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Shipping containers: Next frontier for affordable Philly housing?

Councilman Jim Kenney has developed a prototype that turns the steel boxes into sustainable homes.

Councilman Jim Kenney is working on an interesting way to combat the city's affordable housing crisis: recycled shipping containers.

"You take two containers, take the middle wall out, bolt them together and you can stack them as high as six high," he told the Office of Housing and Community Development Monday during a City Council budget hearing.

Kenney, in conjunction with members of the Philadelphia Building Trades and Construction Council, has developed a prototype for the sustainable, low-cost housing at the carpenters' training facility in Northeast Philadelphia.

"It's really built very solidly and you basically slide the house, the two-story house – which is contiguous with the rest of the street – into the infill," he said. "If I were to take you to a house that's finished, you'd never even know it was there."

The containers are certainly not in short supply. "They're piling up all over the world," Kenney said. "China has a stockyard of thousands of them." And the Philadelphia-built units would employ union laborers: Kenney hopes to matriculate employees through workforce development programs, providing job opportunities for young people.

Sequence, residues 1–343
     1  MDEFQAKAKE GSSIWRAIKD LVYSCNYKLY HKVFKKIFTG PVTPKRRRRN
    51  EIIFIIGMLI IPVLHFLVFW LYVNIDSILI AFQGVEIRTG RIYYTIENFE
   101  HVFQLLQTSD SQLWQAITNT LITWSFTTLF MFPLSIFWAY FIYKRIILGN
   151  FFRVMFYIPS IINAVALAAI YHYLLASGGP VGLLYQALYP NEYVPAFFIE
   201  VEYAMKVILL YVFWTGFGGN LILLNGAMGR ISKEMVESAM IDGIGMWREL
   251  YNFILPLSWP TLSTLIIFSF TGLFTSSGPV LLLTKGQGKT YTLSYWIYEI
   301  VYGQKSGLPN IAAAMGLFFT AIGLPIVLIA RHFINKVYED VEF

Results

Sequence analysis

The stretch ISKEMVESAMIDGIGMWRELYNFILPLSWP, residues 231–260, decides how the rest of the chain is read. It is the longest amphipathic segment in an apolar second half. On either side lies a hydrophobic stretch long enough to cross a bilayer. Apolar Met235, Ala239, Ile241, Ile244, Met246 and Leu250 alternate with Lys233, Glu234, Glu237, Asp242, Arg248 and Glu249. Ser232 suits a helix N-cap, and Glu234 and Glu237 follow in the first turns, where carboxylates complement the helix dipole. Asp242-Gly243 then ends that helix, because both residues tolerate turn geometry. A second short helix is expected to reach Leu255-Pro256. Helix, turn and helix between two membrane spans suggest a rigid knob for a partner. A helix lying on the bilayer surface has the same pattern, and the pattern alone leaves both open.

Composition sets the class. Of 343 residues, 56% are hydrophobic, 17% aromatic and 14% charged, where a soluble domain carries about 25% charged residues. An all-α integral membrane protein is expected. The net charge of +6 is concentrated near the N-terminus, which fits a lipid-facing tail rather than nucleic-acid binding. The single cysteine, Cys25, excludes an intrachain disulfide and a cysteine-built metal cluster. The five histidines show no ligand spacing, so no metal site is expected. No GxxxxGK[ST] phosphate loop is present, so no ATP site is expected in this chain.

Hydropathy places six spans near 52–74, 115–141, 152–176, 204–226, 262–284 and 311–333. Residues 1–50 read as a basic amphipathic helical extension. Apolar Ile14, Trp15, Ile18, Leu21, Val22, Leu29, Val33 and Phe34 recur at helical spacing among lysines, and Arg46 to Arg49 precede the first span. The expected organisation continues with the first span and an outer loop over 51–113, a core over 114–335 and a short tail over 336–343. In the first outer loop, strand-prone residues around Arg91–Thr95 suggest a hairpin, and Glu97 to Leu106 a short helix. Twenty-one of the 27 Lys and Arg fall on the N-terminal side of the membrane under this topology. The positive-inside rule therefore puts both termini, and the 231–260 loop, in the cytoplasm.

Environmentally conscious architecture firms have been using shipping containers in building construction for years, creating apartment buildings, homeless shelters and even shopping malls from the corrugated steel boxes.

"It's an intriguing idea," Councilman Curtis Jones Jr. agreed. "And talk about recycling."

Kenney said he was initially eying contracts with FEMA or the military to enable mass production of the units, but is now pondering if there is sufficient demand for a city pilot project to be successful.